Plaintiff's insistence that "[h]is retirement was not early under the clear language of the . . . Plan" is nonsensical, given that Plaintiff is advocating an interpretation of the Plan that would presume for offset purposes that he was in fact penalized for taking early retirement from Verizon---the $832.03 estimate. (Pl. Br. at 19.) Under Verizon's "30 and Out" policy, with the benefit of the five-year window provision, Plaintiff retired without being penalized for retiring early and he was able to collect a full pension equivalent to a $1,387.24 monthly payment. The language of the Plan required Defendant to "disregard any additional years of service . . . credited . . . under a pension window provision" in offsetting the Verizon pension benefit from the Plan benefit, which it did by adjusting Plaintiff's monthly Verizon pension equivalent to discount it for the five-year window provision. (Plan at § 5.2(a)(iv); Retirement Plan for Employees of Local 827 I.B.E.W. Pension Application Information Worksheet.) There is absolutely no basis for Defendant to have adopted the $832.03 figure from the "Verizon Associate Pension Calculation Estimate" as the proper offset amount, because that figure is clearly labeled "Reduction for Early Retirement," and it is undisputed that Plaintiff did not suffer that reduction because he was not considered by either Verizon or Defendant to have taken an early retirement for purposes of either the Verizon pension benefit or the Local 827 Plan benefit.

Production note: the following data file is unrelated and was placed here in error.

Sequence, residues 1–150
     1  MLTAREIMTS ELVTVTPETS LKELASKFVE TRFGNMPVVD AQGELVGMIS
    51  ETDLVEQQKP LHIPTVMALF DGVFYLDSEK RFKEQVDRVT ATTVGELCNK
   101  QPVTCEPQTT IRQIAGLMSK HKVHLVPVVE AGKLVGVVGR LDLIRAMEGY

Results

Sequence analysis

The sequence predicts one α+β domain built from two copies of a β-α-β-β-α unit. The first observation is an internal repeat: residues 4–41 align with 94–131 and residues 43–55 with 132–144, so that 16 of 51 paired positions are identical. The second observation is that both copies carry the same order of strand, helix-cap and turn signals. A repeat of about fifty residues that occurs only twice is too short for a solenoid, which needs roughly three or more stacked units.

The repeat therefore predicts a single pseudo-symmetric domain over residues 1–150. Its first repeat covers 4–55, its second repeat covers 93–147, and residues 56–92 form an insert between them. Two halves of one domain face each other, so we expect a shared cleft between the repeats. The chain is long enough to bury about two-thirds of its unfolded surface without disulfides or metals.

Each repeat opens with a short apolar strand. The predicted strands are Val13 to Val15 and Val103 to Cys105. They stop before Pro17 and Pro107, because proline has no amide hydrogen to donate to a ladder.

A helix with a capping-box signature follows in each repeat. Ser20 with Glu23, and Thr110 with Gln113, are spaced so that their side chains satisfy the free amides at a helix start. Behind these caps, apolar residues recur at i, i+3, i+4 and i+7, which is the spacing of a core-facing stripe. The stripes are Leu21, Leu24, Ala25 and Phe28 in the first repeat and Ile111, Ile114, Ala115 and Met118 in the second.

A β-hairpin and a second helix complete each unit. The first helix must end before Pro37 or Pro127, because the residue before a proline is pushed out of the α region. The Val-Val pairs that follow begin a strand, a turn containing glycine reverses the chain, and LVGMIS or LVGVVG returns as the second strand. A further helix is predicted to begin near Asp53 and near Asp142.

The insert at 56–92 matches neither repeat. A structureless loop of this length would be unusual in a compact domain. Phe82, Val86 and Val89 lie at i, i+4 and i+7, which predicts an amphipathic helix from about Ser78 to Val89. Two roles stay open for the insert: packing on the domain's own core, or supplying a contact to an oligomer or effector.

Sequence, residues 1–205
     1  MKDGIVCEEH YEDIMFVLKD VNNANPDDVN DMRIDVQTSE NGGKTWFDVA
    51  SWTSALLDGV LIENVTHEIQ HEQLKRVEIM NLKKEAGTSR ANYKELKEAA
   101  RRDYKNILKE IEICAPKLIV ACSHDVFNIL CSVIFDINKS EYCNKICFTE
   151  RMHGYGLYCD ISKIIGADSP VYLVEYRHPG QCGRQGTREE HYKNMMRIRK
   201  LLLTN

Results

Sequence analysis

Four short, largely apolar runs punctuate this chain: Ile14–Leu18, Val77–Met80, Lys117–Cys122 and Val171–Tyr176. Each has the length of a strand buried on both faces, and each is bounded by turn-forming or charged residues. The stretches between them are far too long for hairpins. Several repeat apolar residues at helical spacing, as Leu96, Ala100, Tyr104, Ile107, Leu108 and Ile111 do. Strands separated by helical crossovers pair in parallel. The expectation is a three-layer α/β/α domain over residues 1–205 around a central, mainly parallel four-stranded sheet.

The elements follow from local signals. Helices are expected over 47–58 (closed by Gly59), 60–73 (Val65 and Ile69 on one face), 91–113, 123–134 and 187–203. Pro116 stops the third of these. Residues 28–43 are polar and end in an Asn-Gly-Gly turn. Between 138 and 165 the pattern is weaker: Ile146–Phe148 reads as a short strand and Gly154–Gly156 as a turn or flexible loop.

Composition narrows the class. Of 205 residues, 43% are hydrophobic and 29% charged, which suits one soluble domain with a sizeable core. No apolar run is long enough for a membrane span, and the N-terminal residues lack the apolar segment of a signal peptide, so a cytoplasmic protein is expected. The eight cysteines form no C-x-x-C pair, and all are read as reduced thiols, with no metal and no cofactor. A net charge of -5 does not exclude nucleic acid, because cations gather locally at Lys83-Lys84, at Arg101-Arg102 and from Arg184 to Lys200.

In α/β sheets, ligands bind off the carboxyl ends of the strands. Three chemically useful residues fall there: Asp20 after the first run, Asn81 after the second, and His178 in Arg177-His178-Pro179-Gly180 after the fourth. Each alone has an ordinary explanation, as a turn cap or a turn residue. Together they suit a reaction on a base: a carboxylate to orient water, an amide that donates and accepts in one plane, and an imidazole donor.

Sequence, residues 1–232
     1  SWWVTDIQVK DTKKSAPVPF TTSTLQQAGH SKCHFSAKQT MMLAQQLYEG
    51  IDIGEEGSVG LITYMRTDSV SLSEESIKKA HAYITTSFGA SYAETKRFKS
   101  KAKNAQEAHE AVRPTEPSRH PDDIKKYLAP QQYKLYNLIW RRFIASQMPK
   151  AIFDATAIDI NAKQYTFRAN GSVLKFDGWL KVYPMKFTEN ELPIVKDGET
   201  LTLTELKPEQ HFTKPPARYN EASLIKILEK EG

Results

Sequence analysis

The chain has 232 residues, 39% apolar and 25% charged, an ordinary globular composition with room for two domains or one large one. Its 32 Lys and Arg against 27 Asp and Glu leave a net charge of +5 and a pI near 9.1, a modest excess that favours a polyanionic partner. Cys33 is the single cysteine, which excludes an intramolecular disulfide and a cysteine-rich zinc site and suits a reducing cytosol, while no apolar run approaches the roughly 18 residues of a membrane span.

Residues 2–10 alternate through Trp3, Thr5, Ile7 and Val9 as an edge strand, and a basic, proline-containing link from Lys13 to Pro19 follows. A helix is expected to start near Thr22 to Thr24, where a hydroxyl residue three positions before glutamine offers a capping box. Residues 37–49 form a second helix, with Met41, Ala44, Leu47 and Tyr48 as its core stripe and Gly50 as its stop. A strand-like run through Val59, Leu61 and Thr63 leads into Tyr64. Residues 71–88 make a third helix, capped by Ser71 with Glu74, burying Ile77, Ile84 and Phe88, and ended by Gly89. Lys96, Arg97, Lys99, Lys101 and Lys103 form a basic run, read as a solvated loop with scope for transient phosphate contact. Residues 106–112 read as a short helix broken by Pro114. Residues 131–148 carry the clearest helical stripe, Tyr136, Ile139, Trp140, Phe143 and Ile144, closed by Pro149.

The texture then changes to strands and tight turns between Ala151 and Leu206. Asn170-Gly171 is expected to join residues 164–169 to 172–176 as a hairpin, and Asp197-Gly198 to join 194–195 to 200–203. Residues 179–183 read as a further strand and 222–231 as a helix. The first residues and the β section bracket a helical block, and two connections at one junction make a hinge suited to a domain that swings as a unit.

We thus conclude that Defendant was reasonable in using the $1,387.24 figure as the starting point for determining the offset amount, because it represents the "actual amount of benefits received by the retiree." Ahearn v. Marsh & McLennan Co., Inc., 124 Fed.Appx. 118, 120 (3d Cir. 2005) (affirming plan administrator's construction of the term "Social Security benefit" within the meaning of a benefits offset provision). There is no evidence that the structural conflict of interest affected Defendant's calculation of Plaintiff's Plan pension benefit. Defendant is therefore entitled to summary judgment.


For the reasons stated supra, the Court will grant Defendant's motion for summary judgment, and deny Plaintiff's cross motion for summary judgment. The Court will issue an appropriate order and judgment.

MARY L. COOPER United States District Judge